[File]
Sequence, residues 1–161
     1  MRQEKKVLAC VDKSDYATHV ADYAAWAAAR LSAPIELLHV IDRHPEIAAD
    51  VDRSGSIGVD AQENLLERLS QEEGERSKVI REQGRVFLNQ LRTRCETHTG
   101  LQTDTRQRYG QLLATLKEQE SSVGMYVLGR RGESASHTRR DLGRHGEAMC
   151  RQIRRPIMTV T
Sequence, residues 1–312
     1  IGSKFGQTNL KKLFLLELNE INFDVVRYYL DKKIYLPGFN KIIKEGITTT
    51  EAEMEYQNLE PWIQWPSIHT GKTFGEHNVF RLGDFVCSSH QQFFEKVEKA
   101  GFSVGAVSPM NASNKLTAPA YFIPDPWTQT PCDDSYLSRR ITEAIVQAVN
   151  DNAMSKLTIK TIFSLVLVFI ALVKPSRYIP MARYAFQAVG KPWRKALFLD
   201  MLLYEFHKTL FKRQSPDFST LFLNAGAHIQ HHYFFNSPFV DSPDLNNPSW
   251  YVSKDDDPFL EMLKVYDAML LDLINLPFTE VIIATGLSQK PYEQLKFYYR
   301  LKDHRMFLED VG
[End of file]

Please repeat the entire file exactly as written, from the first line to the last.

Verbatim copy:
Sequence, residues 1–161
     1  MRQEKKVLAC VDKSDYATHV ADYAAWAAAR LSAPIELLHV IDRHPEIAAD
    51  VDRSGSIGVD AQENLLERLS QEEGERSKVI REQGRVFLNQ LRTRCETHTG
   101  LQTDTRQRYG QLLATLKEQE SSVGMYVLGR RGESASHTRR DLGRHGEAMC
   151  RQIRRPIMTV T
Sequence, residues 1–312
     1  IGSKFGQTNL KKLFLLELNE INFDVVRYYL DKKIYLPGFN KIIKEGITTT
    51  EAEMEYQNLE PWIQWPSIHT GKTFGEHNVF RLGDFVCSSH QQFFEKVEKA
   101  GFSVGAVSPM NASNKLTAPA YFIPDPWTQT PCDDSYLSRR ITEAIVQAVN
   151  DNAMSKLTIK TIFSLVLVFI ALVKPSRYIP MARYAFQAVG KPWRKALFLD
   201  MLLYEFHKTL FKRQSPDFST LFLNAGAHIQ HHYFFNSPFV DSPDLNNPSW
   251  YVSKDDDPFL EMLKVYDAML LDLINLPFTE VIIATGLSQK PYEQLKFYYR
   301  LKDHRMFLED VG